Harmful Algae Blooms, nutrients, phosphorus, and invasive species in one of the largest bodies of fresh water in the continental United States — all are issues that kept a room at Hobart & William Smith College full March 24 for the 2018 Seneca Lake Water Quality Summit.
Those issues each require much more attention, according to Mark Venuti, chairperson of the Seneca Watershed Intermunicipal Organization, who says the lake needs a specific plan encompassing nine elements prescribed by the state, and a watershed steward to coordinate efforts to improve the lake’s health.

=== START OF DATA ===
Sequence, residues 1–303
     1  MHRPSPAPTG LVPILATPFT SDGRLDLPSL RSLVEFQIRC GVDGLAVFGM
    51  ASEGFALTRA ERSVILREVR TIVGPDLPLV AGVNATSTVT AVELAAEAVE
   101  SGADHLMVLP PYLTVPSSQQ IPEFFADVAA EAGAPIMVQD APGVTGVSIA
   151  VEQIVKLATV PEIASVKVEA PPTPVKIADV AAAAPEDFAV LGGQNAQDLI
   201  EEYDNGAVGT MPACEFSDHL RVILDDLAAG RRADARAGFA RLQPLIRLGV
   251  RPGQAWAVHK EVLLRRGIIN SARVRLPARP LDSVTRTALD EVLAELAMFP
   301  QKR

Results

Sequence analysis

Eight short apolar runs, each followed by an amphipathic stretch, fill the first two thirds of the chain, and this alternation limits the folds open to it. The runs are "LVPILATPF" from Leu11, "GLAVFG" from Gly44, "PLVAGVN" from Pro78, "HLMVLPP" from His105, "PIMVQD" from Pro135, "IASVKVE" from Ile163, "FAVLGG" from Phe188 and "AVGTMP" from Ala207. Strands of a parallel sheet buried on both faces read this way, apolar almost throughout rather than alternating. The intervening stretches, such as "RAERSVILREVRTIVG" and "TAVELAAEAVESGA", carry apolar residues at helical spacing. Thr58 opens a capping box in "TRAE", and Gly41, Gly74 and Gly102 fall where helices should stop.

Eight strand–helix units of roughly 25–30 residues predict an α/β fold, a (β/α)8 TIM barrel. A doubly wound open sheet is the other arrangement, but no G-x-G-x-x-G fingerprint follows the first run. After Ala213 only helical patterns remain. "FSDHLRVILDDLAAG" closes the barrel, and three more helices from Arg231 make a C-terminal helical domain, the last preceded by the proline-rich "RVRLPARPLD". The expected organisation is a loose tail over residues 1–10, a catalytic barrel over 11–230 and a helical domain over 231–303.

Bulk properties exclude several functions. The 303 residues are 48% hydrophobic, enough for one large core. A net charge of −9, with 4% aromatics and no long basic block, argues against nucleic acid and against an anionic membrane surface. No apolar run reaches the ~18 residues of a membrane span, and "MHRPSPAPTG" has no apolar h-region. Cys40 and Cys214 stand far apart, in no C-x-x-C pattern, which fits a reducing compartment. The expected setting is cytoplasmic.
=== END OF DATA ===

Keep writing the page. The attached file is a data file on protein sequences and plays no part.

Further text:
“The Lake is not a static organism,” said DEC research scientist Lewis McCaffrey of the Finger Lakes Water Hub, explaining its recent transition to a waterbody with less oxygen and higher levels of nutrients. Another presenter, John Halfman of Hobart & William Smith Colleges, said those elevated nutrients help feed the ancient organisms that result in the harmful algae blooms that have appeared on area lakes recently. And based on the research, the algae that results in those blooms will not be going away, but humans can take action to lessen the instance of their impact on the lake, which provides drinking water to thousands of people, and recreational opportunities to thousands more.